Becoming carbon neutral: the industry approach

British MPs have approved a motion to declare an environment and climate emergency. While there is no single definition of what the emergency entails, many local areas have stated they want to be carbon-neutral by 2030.

A climate leader

According to the United Nations, we could have just 11 years left to limit a climate change catastrophe.

The UK was the first country to introduce long-term, legally binding climate targets under the Climate Change Act – aiming to reduce carbon emissions by 80 per cent (compared to 1990 levels) by 2050 – and  has already cut greenhouse gas emissions by more than 40 per cent since 1990.

However, being carbon-neutral by 2030 is a highly ambitious undertaking. Achieving net-zero emissions will require ministers to urgently outline proposals that will deliver a zero-waste economy. Local councils in the UK have made a start by promising to introduce electric car hubs and build more sustainable homes for the future.

An emissions industry

Emissions from the oil and gas industry are a major contributor to climate change. In 2017, burning fossil fuels for industry processes accounted for 22.2 per cent.

During the production of oil and gas, emissions are released into the atmosphere. To limit the emission of methane, operators can instead choose to flare excess gas that cannot be otherwise safely transported or stored. Emitting excess gas as the less polluting Carbon Dioxide (CO­2), gas flaring is not only better for the environment but also an integral safety process that reduces the risk of explosion from pressure build-ups.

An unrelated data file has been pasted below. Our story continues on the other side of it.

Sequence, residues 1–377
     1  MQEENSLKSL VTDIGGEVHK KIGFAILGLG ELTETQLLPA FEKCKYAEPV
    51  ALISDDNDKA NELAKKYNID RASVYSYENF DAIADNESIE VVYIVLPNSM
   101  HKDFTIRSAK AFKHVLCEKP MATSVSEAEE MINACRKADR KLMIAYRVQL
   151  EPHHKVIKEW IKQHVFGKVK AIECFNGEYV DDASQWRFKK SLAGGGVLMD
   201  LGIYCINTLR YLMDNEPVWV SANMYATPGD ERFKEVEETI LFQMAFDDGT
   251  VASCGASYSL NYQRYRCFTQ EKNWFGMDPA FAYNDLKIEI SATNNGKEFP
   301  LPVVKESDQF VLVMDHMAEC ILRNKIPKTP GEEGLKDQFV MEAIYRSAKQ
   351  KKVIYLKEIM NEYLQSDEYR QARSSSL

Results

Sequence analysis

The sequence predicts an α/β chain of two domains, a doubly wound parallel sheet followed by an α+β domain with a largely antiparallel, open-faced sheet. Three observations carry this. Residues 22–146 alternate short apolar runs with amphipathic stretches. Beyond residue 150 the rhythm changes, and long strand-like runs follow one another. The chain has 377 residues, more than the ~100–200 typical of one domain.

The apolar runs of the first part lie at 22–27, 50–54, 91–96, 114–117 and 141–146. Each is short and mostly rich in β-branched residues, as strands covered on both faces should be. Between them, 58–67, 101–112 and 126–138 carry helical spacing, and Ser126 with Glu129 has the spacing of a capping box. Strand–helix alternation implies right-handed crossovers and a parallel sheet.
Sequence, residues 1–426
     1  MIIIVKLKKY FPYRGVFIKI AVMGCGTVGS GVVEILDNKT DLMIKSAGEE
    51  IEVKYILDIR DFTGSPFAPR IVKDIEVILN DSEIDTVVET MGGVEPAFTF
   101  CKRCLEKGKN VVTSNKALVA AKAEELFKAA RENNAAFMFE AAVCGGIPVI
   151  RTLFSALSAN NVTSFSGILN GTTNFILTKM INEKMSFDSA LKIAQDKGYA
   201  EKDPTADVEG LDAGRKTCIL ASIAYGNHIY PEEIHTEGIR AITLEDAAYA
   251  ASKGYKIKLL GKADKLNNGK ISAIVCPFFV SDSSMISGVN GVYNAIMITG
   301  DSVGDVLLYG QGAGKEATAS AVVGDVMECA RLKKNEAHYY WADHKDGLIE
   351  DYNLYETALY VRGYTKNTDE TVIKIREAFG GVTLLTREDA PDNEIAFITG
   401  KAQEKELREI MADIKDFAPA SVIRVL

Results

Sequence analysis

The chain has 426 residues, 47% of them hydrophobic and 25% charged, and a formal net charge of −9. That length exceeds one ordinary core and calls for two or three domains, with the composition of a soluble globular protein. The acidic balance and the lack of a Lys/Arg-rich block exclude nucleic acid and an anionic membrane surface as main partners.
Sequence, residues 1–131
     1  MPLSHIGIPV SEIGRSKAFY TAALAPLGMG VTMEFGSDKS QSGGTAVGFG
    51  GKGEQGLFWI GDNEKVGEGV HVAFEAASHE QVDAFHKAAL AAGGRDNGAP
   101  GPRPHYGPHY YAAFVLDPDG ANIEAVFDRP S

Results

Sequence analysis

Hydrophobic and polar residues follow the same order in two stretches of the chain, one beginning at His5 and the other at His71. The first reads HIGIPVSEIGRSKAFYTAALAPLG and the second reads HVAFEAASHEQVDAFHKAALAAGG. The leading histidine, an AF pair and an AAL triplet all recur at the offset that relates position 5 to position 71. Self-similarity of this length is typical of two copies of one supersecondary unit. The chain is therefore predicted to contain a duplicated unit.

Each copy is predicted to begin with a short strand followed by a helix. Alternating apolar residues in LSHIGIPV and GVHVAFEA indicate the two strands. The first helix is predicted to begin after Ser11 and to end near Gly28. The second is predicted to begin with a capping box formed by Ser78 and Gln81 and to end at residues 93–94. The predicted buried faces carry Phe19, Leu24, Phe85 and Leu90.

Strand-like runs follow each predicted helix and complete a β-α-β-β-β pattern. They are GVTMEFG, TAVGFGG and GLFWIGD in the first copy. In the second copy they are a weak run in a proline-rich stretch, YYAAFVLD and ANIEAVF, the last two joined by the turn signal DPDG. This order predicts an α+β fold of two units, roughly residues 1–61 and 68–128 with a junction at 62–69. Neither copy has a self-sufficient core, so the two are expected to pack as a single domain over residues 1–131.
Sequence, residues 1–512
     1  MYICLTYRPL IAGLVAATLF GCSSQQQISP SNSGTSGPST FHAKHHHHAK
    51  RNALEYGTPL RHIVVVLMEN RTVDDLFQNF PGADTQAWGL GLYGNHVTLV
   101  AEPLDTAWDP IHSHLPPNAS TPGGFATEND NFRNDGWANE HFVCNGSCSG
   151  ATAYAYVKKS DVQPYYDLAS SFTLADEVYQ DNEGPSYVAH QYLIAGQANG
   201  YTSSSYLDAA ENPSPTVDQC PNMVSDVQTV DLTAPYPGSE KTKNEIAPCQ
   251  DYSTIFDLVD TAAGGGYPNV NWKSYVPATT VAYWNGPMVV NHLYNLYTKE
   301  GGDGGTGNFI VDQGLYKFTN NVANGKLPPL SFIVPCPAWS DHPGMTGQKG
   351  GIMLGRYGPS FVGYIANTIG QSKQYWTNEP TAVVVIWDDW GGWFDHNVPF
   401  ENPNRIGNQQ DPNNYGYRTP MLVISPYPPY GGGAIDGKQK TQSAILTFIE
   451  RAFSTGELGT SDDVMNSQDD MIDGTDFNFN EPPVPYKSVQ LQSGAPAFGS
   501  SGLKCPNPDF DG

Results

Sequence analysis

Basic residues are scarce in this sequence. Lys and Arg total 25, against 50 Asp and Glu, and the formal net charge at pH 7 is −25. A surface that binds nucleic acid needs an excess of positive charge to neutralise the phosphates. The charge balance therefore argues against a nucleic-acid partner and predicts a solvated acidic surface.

To become carbon-neutral by 2030, the UK will need to understand how much gas is being flared and whether emissions are meeting environmental regulatory requirements.

Accurate measurement

The most accurate way to measure flare gas is with ultrasonic technology. In the oil and gas industry flaring is now more tightly regulated and operators must measure and report flaring levels.

While regulators typically require five per cent accuracy, only ultrasonic technology has the potential to keep pace with stricter requirements and changing environments. Using the latest ultrasonic sensing technology, Fluenta’s FGM 160 Flare Gas Meter is used in processing plants across the globe to accurately measure and monitor flare gas.

For more information on Fluenta’s FGM 160 Flare Gas Meter, click here.

May 20, 2019 | News

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